Justice Articles from 2018
9/11 Trillions: Follow The Money
by James Corbett
Posted July 2, 2018
Forget for one moment everything you’ve been told about September 11, 2001. 9/11 was a crime. And as with any crime, there is one overriding imperative that detectives must follow to identify the perpetrators: follow the money. This is an investigation of the 9/11 money trail.
In 1998, the Port Authority of New York and New Jersey agreed to privatize the World Trade Center, the complex of office towers in Lower Manhattan that they had owned and operated since their construction in 1973. In April 2001 an agreement was reached with a consortium of investors led by Silverstein Properties and on July 24th, 2001 Larry Silverstein, who already owned World Trade Center Building 7, signed a 99 year lease for the Twin Towers and Buildings 4 and 5.
The lease was for $3.2 billion, and was financed by a bridge loan from GMAC, the commercial mortgage arm of General Motors, as well as $111 million from Lloyd Goldman and Joseph Cayre, individual real estate investors. Silverstein Properties only put down $14 million of its own money. More…
Corporations Masquerading as Government in Australia & World Wide
by Andy Whiteley
Posted July 1, 2018
Would you be surprised to find a company with the same name as your country registered with the Security and Exchange Commission (SEC) in Washington DC?
Well, guess what?! Among those listed as corporate entities by the United States SEC are Israel, Turkey, Italy, Hungary, Sweden, Finland, Argentina, Colombia, Brazil, The Philippines, South Korea, Japan, Jamaica, South Africa, Canada, Australia… and my personal favourite (and I quote) “Her Majesty the Queen in Right of the Province of Alberta as represented by Alberta Investment Management Corp.”
Interesting! So what could all this mean? For the purpose of this article we will follow the example of Australia. More…
We’re All Trespassers Now in the Face of the Government’s Land Grabs
By John W. Whitehead
Posted June 30, 2018
Here’s what one resident of Roanoke, Va., wrote to me about the manner in which the Mountain Valley Pipeline is being inflicted on his community:
“Our small community has been invaded by private security and a fully militarized local police department. Mountain Valley Pipeline has begun cutting trees and has brought in private military contractors similar to what was used in North Dakota. They are basically using the power of government to steal this land for private profit. The residents and land owners of Bent Mountain now find themselves subject to arrest for walking in their own driveway, taking pictures of the pipeline companies ever-changing survey lines and path of destruction, or in more than one case, for confronting MASKED ARMED MEN ON THEIR PROPERTY IN THE DEAD OF NIGHT. One of my neighbors was accosted on his own back porch by police for photographing the MVP surveyors continually moving the corridor of their easement. I have even had armed private security trespassing on my property miles away in neighboring Floyd County”. More…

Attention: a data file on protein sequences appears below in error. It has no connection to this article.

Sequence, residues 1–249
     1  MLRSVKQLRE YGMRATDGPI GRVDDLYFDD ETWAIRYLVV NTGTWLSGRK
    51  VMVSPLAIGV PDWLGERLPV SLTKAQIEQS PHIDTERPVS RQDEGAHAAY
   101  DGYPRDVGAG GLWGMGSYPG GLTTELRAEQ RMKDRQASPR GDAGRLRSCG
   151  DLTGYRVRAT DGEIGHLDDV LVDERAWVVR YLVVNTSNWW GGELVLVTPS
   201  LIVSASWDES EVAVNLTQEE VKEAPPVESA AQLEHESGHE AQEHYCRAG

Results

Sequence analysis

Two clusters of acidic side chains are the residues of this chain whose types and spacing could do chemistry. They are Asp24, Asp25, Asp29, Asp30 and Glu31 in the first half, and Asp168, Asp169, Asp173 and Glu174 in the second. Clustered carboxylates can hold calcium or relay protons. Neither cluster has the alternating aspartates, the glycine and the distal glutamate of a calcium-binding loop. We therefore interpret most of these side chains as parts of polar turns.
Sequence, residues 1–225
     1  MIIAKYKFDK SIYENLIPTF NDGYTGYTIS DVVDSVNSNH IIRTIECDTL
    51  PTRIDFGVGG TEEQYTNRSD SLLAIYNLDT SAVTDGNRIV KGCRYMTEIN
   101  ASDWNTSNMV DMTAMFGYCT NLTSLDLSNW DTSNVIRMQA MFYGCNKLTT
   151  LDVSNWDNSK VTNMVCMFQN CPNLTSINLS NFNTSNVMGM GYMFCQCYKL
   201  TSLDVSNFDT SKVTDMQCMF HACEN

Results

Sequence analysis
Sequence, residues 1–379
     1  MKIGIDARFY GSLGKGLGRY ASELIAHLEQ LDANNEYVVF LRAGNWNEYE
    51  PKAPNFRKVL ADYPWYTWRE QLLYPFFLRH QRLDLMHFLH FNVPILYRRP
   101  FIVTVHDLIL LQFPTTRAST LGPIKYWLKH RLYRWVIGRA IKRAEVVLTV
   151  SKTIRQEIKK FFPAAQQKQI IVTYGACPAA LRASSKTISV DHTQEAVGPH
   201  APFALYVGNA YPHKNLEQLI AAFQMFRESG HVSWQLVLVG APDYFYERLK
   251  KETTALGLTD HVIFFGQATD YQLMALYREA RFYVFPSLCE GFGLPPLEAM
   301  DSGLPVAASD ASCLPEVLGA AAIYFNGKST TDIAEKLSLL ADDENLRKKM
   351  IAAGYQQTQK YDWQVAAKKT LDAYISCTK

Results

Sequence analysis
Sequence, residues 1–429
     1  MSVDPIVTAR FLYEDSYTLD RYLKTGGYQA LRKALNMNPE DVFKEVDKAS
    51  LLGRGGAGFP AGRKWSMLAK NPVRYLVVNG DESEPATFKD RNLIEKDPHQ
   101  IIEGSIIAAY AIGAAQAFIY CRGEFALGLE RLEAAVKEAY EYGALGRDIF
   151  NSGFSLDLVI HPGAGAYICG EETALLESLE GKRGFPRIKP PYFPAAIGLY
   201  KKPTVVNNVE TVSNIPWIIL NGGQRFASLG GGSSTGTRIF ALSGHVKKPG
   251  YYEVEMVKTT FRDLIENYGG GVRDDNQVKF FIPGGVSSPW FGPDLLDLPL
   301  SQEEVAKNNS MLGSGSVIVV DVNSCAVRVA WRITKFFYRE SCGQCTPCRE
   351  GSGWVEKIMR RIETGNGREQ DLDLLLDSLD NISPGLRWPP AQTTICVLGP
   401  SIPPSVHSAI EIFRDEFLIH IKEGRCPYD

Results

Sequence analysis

Assange is a journalist, should not be persecuted for publishing the truth
by Margaret Flowers
Posted June 28, 2018
The Assange case is a linchpin for Freedom of the Press and Freedom of Information in the 21st Century.
The threat of prosecution against Julian Assange for his work as editor-in-chief of WikiLeaks will be a key to defining what Freedom of the Press means in the 21st Century. Should people be allowed to know the truth if their government is corrupt, violating the law or committing war crimes? Democracy cannot exist when people are misled by a concentrated corporate media that puts forth a narrative on behalf of the government and big business.
This is not the first time that prosecution of a journalist will define Freedom of the Press. Indeed, the roots of Freedom of the Press in the United States go back to the prosecution of John Peter Zenger, a publisher who was accused of libel in 1734 for publishing articles critical of the British royal governor, William Cosby. Zenger was held in prison for eight months awaiting trial. In the trial, his defense took its case directly to the jury. More…
The Murder of Julian Assange
by Kurt Nimmo
Posted June 25, 2018
It was a fool’s errand.
On the day Donald Trump was elected his supporters asked him to pardon the founder and frontman of WikiLeaks, Julian Assange. They flooded social media demanding Assange be allowed to leave the Ecuadorian embassy in London without arrest and extradition to the United States. Stone silence from Trump and his administration.